Water is everywhere!

It covers about 71% of the Earth and makes up about 60% of our bodies!

We use water to cook and clean, and everyone must drink it daily to stay healthy.

Wwater being poured over Earth, making the planet appear and disappear.

Have you ever wondered what makes water so special?

Try some of these science experiments with water at home to learn more about how water works!

Lab Safety & Set-Up

First, you need to set yourself up for successful and safe experiments.

A young boy and adult woman snap their fingers and appear in lab coats. The text reads:


  • Work in an area where spilling water and using food coloring is OK.

  • Set up somewhere where pets or family members won't get in the way.

  • Working in a kitchen or outside may be best.

  • Change into clothes that are OK to get messy.


  • Adults should always supervise children with these experiments.

  • Protect eyes and hands with goggles and gloves.

  • Read the procedure fully before starting.

  • Follow procedures as written.

  • Clean up when you're done working.

Once you're all set up, it's time to get experimenting!


What safety habits should you follow while doing experiments?

Experiment 1: Build a Mini Water Cycle Model

Explore how water cycles through Earth with this miniature model.

A graphic of the water cycle showing land, ocean, mountains, and rain. Image from Flickr by AIRS (the Atmospheric Infrared Sounder from NASA)


  • 10 minutes (active)

  • 1 day (passive), observing every 1-2 hours


  • 2 small snack-size plastic bags

  • Permanent marker

  • Water

  • Food coloring

  • Optional: sand, 2 rocks


  • Use the marker to draw water, sun, clouds, and rain on the outside of both bags.

  • Add enough water to the bag to fill the "water" area (about 2 tablespoons).

  • Add a drop of food coloring to your water.

  • Optional: Add sand to one corner of each bag and a rock to the other corner.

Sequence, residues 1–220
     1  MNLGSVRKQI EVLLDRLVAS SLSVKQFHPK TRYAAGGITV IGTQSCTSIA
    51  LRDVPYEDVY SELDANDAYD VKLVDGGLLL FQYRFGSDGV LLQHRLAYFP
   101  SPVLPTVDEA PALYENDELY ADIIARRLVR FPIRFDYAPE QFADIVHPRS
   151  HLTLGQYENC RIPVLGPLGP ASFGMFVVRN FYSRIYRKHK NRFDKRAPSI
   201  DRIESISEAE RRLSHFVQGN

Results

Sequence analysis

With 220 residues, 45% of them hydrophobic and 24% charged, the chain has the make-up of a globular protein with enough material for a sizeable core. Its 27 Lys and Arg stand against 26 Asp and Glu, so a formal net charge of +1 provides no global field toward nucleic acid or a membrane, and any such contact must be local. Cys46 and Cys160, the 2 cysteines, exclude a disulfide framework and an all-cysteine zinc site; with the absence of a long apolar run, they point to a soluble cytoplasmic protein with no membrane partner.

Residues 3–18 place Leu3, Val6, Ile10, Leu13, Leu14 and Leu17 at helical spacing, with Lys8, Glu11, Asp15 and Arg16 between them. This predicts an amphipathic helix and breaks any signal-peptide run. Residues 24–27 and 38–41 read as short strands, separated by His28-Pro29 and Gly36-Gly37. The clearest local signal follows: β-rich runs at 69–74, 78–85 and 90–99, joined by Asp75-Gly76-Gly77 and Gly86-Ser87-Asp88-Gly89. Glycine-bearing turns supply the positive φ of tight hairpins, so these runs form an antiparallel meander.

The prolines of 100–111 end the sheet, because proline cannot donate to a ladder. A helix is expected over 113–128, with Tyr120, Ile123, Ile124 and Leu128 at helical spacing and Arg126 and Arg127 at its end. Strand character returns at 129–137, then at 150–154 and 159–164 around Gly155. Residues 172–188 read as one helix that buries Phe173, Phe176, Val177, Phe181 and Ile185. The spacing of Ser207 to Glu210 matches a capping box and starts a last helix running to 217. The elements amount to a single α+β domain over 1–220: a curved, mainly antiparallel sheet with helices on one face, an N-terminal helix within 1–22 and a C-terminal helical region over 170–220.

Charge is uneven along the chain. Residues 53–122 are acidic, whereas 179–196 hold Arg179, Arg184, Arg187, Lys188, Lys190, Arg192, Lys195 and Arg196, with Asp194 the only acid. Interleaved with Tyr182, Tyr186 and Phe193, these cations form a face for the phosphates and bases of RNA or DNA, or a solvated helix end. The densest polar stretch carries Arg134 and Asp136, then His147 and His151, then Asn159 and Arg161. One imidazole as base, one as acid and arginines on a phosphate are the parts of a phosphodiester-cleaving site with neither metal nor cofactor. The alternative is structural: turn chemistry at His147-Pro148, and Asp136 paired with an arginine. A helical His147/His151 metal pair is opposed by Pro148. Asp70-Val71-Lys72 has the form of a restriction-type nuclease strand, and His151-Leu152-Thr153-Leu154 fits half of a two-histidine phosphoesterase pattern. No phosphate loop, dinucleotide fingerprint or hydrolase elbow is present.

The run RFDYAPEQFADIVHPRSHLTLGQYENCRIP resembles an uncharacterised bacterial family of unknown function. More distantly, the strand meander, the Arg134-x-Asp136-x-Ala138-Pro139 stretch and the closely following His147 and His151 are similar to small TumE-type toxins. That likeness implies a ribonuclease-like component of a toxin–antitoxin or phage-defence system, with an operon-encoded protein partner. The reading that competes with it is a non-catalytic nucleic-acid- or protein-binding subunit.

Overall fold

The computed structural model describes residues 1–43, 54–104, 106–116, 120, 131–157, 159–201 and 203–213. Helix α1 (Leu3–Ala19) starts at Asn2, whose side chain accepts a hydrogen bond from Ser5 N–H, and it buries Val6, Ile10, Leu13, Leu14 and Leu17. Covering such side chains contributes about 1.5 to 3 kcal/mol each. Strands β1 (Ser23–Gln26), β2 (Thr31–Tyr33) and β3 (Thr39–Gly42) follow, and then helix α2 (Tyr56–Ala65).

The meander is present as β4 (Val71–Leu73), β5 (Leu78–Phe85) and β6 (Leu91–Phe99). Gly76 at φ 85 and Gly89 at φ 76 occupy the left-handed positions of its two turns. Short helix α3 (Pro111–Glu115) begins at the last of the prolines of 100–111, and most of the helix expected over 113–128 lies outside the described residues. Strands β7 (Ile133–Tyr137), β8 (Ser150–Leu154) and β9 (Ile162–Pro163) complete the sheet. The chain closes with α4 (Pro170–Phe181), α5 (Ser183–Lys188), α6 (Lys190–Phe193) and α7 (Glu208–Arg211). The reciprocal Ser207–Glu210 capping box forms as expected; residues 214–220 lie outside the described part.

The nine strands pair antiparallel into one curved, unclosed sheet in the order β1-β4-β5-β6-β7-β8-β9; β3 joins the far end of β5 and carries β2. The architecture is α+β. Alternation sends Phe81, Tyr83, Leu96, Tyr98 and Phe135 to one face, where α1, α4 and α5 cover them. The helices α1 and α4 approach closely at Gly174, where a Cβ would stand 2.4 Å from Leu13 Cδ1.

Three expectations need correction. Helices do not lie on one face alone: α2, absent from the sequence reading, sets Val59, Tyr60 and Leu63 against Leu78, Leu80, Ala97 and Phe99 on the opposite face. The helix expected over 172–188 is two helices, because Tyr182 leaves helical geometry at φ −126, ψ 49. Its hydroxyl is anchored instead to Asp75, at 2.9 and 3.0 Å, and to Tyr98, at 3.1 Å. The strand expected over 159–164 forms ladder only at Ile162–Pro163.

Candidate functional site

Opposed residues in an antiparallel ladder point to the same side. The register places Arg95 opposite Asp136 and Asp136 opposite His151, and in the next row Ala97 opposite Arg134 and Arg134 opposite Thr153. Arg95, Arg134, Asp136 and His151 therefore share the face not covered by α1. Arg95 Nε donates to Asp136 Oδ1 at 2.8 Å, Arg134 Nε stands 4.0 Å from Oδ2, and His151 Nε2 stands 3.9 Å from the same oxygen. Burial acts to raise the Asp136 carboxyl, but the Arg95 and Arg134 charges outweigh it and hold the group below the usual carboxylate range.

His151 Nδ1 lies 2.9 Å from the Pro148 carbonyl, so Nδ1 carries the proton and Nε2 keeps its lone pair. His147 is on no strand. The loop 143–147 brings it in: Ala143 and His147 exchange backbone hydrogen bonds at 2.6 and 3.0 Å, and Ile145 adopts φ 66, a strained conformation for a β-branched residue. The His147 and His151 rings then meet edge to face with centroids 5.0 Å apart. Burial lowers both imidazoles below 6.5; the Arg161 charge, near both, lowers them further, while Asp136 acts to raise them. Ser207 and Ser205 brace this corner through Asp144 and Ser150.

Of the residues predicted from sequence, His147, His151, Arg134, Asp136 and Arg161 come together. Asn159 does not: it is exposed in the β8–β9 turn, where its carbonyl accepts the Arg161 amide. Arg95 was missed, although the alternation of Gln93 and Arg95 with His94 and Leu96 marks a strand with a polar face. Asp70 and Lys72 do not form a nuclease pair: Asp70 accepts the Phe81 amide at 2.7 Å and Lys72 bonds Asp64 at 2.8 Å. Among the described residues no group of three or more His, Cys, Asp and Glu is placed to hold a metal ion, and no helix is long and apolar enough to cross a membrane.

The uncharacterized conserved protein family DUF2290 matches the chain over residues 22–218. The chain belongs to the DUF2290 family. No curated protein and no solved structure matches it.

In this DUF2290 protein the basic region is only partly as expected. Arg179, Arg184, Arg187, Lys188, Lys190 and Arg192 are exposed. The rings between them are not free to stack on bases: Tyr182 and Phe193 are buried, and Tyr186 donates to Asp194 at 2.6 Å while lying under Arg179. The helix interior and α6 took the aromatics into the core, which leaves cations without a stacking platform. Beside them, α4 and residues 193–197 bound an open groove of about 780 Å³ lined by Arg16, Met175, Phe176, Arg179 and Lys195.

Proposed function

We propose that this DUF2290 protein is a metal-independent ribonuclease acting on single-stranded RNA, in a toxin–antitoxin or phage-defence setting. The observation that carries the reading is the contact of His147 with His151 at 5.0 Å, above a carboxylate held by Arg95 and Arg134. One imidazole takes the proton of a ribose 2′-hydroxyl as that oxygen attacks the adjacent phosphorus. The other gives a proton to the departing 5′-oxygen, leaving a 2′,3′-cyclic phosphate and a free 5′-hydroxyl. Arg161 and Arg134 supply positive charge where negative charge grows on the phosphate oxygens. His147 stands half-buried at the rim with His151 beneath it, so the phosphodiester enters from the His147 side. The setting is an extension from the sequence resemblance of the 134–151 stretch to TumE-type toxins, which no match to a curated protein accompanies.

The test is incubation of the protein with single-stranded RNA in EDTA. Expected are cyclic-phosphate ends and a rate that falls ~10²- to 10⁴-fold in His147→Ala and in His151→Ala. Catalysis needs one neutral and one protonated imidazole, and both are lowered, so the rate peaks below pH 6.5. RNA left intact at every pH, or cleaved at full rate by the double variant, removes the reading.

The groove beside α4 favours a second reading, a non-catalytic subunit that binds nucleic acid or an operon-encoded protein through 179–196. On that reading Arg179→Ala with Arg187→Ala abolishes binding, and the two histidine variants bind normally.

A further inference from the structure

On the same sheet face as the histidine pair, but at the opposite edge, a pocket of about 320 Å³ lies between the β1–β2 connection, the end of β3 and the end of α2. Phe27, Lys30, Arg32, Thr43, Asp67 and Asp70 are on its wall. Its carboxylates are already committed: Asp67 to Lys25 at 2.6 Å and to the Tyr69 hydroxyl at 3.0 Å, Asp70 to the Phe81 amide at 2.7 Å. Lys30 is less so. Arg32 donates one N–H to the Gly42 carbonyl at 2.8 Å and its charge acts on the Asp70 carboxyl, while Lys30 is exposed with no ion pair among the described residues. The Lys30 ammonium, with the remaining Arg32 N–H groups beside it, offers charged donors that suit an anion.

• Seal both bags. Tape one bag outside or in a sunny area. Tape the other bag inside or in a shaded area.

  • Observe the bags every 1-2 hours. What do you notice?

The video below shows you how to set up the experiment:

The Science Behind It:

  • The water cycle includes:

    • Evaporation: water heats up, turns into gas, and rises

    • Condensation: water vapor cools into clouds

    • Precipitation: cooled water vapor forms rain and falls back to the surface

  • Infiltration happens when water soaks into Earth's surface, like water soaking into sand.

  • When water can't soak into a material, it forms surface runoff, like you see on the rock.


How did the sun affect the water cycle? Select all correct results:

Experiment 2: Make a Water Strider

Have you ever seen a bug run on water? Try to see if you can make a water bug model that floats.

Two water strider bugs standing on a surface of water. Photo by hao wang on Unsplash


  • 30-40 minutes


  • Thin wire

  • Scissors

  • Wide bowl

  • Water

  • Optional: googly eyes, glue


  • Cut 3 lengths of 2-4 inch wire.

  • Twist the centers of the wires together to form the insect's body.

  • Spread out all 6 legs and bend them to form feet.

  • Adjust the legs to support the insect's length.

  • Test out the water strider on the bowl of water. If it sinks, adjust the legs and feet until it floats.

  • Move or shake the bowl to make waves and see how your water strider reacts!

The video below shows you how to set up the experiment:

The Science Behind It:

Experiment 3: Create a Candy Rainbow

Water is great at dissolving things like sugar and food dye. Explore this by creating your own rainbow!

Three glasses of water with blue food dye mixing into the water. Photo by Chaozzy Lin on Unsplash


  • 10 minutes


  • Plate with a rim

  • Warm water

  • Sugar

  • Candies with hard, colored shells (M&Ms, Skittles, Reese's Pieces, etc.)


  • Arrange candies around the edge of the plate in a pattern. Ex: 2 of each color in rainbow order.

  • Add a small amount of warm water to the center of the plate.

  • Wait and observe what happens!

  • Clean off the plate and set up more candies.

  • Put a small pile of sugar (1/4 teaspoon) in the center of the plate.

  • Add the warm water to the center again and observe.

The video below shows you how to set up the experiment:

The Science Behind It

  • Both the colored dye and sugar from the candy dissolve in warm water, forming a solution.

  • The sugar and dye move in the water from high to low concentration.

  • In the first test, there is a lot of sugar and dye at the edge of the plate and less in the center, so they travel quickly to the center.

  • When there's sugar in the middle, the candy sugar doesn't move as fast, so you see the color change slow down too.

  • Even though we can't see it move, the sugar travels faster than the dye, due to their different chemical properties.

Take Action

Water is all around us and is essential to life! It has many different properties you can explore with experiments. 

There are many other science experiments with water you can do. Maybe you’ll even design your own!

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